Mash avocados.  Douse with fresh lemon juice (don’t even think of the plastic lemon full of bitter juice, just don’t), maybe one lemon for every three avocados.  Mince white onion, mix a spoonful of sugar into it and squeeze the mass with your hands (extracts the excess sulfur).  Pour hot water over the onions and let it sit for a bit.  Rinse thoroughly with cold water, pat dry, and add to the bowl (this is a latin american trick I learned living in Chile and it really lets the onions showcase their taste without overwhelming other flavors).  Mince 1 jalapeño and 1 tomato for every avocado used and add those too.  Mince cilantro, at least a 1/4 c. per avocado and add that.  Mix all that deliciousness together.  Now the salt…don’t skimp on the salt, you want to bring those flavors out into full bloom.  Test with a tortilla chip, to take it’s own salty quotient into the equation.  Taste, eyes rolling back and an involuntary groan of pleasure escaping.

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Now going to authentic ethnic restaurants is rarely disappointing and most usually my reactions to what is set before me are downright comical.  I simply cannot stop sighing and exclaiming and groaning with delight.  I am Bob from “What About Bob?”.  I can’t help it.  When a tikka masala is creamy and spicy and exquisitely complex, when the jasmine rice is al dente and fragrant, when the naan is hot from the oven, and when the cucumber sauce on the gyro dribbles it’s dilly goodness down my throat, I am undone.  Can’t.  Contain.  The.  Joy.

But I am no thorough food snob.  McDonald’s french fries, when they’re piping hot and salty, are heavenly.  And there is something about spicy nacho Doritos inserted inside a turkey sandwich on a hot summer’s day that is just rockin’.  Don’t get me started the simple pleasure of Dr. Pepper in a glass with ice alongside pizza.  Or Butterfingers.  Mercy.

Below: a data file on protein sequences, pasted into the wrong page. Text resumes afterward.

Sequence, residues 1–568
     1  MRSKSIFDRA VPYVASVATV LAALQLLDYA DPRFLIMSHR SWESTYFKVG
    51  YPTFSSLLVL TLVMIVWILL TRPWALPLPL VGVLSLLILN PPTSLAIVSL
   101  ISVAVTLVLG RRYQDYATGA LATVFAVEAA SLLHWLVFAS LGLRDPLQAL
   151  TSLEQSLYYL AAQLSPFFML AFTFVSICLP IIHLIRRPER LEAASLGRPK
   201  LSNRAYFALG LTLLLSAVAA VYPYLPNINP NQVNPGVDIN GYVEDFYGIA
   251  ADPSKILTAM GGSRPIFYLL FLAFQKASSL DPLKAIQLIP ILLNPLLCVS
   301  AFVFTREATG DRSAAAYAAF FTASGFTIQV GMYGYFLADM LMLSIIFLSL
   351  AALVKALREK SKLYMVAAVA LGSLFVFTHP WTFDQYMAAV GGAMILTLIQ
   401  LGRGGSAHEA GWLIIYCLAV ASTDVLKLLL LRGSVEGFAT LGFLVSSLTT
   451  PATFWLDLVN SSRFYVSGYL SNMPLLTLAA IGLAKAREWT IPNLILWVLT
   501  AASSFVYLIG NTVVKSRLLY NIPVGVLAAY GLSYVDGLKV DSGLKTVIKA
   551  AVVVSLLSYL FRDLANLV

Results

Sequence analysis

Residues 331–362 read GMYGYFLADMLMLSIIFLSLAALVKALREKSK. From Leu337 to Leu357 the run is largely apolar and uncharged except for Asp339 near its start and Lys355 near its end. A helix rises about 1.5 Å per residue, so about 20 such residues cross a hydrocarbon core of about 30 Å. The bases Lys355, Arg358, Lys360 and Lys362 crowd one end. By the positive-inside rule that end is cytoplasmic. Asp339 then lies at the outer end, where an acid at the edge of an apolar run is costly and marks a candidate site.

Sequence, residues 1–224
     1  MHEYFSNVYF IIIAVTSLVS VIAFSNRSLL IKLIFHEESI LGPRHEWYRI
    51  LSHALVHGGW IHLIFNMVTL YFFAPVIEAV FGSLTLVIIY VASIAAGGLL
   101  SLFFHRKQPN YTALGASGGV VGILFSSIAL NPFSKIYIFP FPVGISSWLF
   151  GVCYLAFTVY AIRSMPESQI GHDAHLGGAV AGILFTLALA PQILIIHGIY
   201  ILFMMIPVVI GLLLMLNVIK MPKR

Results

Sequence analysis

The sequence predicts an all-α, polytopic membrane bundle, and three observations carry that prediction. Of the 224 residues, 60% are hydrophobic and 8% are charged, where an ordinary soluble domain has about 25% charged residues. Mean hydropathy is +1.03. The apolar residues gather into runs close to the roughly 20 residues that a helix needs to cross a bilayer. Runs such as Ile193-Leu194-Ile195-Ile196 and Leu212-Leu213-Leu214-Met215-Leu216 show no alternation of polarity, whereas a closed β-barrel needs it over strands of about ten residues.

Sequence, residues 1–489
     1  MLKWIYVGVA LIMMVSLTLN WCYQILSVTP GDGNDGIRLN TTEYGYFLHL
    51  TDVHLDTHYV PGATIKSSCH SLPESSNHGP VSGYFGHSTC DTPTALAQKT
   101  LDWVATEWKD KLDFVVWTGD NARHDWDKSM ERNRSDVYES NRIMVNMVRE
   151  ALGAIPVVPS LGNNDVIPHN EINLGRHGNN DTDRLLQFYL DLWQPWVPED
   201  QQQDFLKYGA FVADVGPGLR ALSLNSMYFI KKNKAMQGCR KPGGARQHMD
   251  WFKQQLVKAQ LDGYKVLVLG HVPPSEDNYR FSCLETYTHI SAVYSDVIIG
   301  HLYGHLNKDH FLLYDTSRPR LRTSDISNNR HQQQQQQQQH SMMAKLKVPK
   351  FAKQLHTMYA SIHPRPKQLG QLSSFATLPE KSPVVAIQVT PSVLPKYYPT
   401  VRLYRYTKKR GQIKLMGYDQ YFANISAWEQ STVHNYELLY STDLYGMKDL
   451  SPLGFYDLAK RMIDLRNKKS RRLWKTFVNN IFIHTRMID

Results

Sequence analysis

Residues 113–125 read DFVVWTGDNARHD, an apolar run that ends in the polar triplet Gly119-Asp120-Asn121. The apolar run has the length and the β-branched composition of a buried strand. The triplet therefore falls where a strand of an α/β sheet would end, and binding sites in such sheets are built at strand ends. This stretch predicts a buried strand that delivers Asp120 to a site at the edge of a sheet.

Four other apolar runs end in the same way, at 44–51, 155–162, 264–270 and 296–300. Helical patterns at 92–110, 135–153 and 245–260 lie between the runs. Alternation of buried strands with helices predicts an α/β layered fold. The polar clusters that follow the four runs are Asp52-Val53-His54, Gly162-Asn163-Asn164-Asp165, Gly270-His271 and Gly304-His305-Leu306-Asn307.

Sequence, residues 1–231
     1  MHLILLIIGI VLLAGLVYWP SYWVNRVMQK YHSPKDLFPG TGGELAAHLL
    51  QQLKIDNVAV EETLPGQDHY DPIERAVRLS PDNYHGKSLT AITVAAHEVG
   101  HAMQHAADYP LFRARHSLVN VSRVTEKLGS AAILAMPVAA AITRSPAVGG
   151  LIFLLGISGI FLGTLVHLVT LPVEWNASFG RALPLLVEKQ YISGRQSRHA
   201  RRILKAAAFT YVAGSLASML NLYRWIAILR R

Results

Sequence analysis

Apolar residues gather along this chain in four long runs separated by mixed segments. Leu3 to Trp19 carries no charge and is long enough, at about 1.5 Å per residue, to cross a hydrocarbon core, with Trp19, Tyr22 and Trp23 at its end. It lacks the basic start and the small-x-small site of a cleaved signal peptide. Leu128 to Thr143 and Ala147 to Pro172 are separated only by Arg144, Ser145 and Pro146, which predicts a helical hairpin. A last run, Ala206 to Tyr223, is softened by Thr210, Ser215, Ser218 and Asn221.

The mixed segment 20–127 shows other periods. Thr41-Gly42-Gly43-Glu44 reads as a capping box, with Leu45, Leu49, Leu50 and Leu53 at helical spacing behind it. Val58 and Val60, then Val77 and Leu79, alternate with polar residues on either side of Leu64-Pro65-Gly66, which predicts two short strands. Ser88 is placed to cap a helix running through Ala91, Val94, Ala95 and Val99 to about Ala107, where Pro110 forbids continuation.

And now I give you my favorite salad, which is painless to make and is made nearly daily in our home to add zing to the meal:

Cut up some lettuce and/or spinach, cabbage, avocados, tomatoes, shredded carrots, julienned celery, whatever you have on hand, and throw it all in a bowl.  Chop up some green onions or garlic chives and add to the bowl.  Mince some parsley or cilantro or both and sprinkle that in.  Juice a lemon into a separate bowl and stir an equal quantity of a mild oil to the juice (safflower, sunflower, or light olive work great).  Stir about a 1/4 tsp salt in and get it emulsified with a mini whisk or fork.  Pour over the salad.  Test for saltiness; add more if the flavors aren’t zinging, or more lemon.  This zingy salad pairs so well with creamy, heavy, or cheesy dishes, awakening your palate every few bites with it’s zest and freshness.  My children fight over the seconds.  This pleases me much.  I’m so addicted to these flavors that I will order salads at restaurants with a side of lemon wedges so that I can make this (more or less) with the oil and salt at the table.

The downside to all this culinary happiness and productivity is that my children cannot be tempted by the offer of Hey kids, how about cereal for dinner? or Why don’t we just have some ice cream instead of making a big meal?  No, they will give me a withering look and ask plainly for real food.  So here’s the desperate quick fixes for those tired evenings when the palate is still annoyingly expectant:

Parmesan Pleasure-  Boil pasta just to al dente; nothing worse than a floppy noodle mushing about in your mouth (shudder).  Top with grated fresh parmesan, chopped tomatoes, salt, and a splash of greek dressing.  Comfort food for sure.

Pizza-tilla-  Spread pizza sauce on tortillas or english muffin halves, or crackers, top with cheese and whatever toppings you have on hand.  Bake until crispy and bubbly.  A bit of minced onion, diced ham, and pineapple on top amps the flavor Caribbean-style.

Tabla Supper-  Cut up leftover meats, chicken, cheese, sausages, and serve alongside chopped chunks of cheese, pickles, and crackers.  Mix honey and mustard together, get out some horseradish and honey and jams and lay out everything on a big wooden board and taste the night away.

Burrito Rapido-  Mix a can of refried beans together with a can of chopped chilies and get it heating in a skillet.  Stir in shredded cheddar and some canned salsa.  Slap that savory filling into tortillas and serve with sour cream galore and more salsa.  Yum.